Visit any EOS Telegram channel and some version of this question will pop up again and again: Is the mainnet live yet?
While the EOS blockchain technically launched on June 10 at 13:00 UTC, the answer to that question is effectively no. That's because the crypto tokens created by Block.one's $4 billion EOS initial coin offering (ICO) are locked up until the network elects 21 "block producers" (the equivalent of miners for the new network), and as that still hasn't happened, currently no one can start using EOS just yet.
As it stands, the blockchain will go live if 15 percent of all tokens – an equivalent of 150 million – are "staked" in a vote on block producer candidates. Staking tokens allows EOS holders to vote for up to 30 block producers – the groups in charge of verifying transactions – and votes are weighted by how many tokens are staked.
And while this process is currently underway, what we've seemingly learned about blockchain self-governance from the EOS launch is: If people are given time, they will take it.
That magic 150 million tokens could be hit at any time, but so far votes have stacked up slowly, frustrating many Telegram inquirers, and probably plenty of others. Although, there is some evidence that staking is heating up. At the end of June 10, only about 10 million tokens had been staked, but as of this writing on June 11, just over 30 million tokens have been staked.
Still, the platform needs five times as many for the voting process to start.
Kevin Rose, community lead for one of the leading block producer candidates, EOS New York, told CoinDesk that he believes the slow start had something to do with the launch happening late at night in Asia, a continent where several countries have significant numbers of cryptocurrency users.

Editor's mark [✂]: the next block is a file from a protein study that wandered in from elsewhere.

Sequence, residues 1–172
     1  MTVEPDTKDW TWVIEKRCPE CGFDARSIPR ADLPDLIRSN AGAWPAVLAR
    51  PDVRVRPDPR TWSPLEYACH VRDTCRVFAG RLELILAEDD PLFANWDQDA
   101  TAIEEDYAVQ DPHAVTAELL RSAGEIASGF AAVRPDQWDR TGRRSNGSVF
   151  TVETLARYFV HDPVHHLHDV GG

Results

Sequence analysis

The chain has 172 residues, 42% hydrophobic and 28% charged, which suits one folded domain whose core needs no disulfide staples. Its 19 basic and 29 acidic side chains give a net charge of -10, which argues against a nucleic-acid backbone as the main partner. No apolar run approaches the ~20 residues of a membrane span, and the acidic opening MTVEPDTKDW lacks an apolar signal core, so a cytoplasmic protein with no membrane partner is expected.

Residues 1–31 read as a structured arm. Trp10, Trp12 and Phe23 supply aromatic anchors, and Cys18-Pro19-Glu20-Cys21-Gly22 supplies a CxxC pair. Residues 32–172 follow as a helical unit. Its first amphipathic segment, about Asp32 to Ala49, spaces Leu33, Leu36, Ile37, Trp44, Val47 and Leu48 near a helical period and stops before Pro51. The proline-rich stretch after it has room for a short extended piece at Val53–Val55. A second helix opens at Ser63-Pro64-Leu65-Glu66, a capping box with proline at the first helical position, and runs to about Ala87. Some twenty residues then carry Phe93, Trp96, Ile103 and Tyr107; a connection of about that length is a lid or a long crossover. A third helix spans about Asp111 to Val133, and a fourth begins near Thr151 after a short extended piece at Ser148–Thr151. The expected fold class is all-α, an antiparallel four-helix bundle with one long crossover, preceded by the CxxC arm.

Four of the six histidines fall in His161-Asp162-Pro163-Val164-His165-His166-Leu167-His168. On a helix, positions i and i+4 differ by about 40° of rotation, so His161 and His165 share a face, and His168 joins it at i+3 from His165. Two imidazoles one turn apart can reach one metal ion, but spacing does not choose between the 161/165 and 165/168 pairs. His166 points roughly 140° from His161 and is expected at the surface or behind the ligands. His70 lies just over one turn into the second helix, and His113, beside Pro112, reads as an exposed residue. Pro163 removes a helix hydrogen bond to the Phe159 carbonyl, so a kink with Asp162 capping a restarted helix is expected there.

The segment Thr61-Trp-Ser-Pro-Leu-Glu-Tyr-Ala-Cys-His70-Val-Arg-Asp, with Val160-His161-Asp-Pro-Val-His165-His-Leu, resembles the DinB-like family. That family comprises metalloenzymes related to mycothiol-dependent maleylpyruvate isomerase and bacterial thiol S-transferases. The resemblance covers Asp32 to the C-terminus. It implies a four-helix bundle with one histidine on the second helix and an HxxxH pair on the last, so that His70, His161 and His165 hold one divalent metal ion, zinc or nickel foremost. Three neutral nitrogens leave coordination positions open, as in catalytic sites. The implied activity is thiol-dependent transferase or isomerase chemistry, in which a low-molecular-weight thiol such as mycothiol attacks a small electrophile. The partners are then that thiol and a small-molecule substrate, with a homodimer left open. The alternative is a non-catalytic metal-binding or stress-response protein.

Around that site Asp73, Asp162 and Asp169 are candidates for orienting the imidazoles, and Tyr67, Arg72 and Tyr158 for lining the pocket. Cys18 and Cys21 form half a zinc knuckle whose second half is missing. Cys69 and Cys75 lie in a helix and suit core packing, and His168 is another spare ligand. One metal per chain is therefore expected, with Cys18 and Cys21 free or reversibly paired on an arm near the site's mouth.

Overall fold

There seems to be some truth to that, since the next day after the launch (after Asian crypto enthusiasts would have been waking up), the number of staked tokens tripled.
Others, like Vahid Toosi of EOS SW/Eden said he believes there's a psychological barrier – he predicts at 40 million tokens – that needs to be crossed before tokens start flooding in.
But ultimately, many members of the EOS community speculate it's a handful of different precautions investors are taking before staking their EOS tokens – hesitation by holders that have a large quantity of EOS (or whales), the lack user-friendly tools, security concerns and general prudence.
Speaking to that, Kyle Samani of Multicoin Capital, a fund that's bullish on EOS, told CoinDesk:
Block.one did not respond to a request for comment.
Whales in waiting
Sure enough, others think those with big money investments in EOS are watching and waiting.
"I think the whales want to see how the other whales vote so they can swing it their way," Toosi said.
Steve Floyd of EOS Tribe, an EOS block producer candidate, believes some of the whales are already trying to swing it their way.
"Some of these [block producer] candidates in the top 10 came out of nowhere. How they got in the position they are in is pretty obvious – they had a lot of tokens (or access to them) and voted themselves in," he said. "It's a whales' election."
EOS New York's Rose agrees that there are some new whales picking favorites, but he's also more optimistic about their role, stating that anyone with significant holdings can move the needle, and those that do are looking at taking some cues from the "wisdom of the crowd" concept.
Because he told CoinDesk:
Many critics have pointed to the number of large addresses as a sign that EOS is centralized, but these estimates have been somewhat exaggerated.
First, Block.one has a significant portion of EOS tokens but has committed to not staking its tokens and voting on block producer candidates at the start. Plus, some of the biggest EOS wallets are cryptocurrency exchanges that are holding EOS tokens for their users.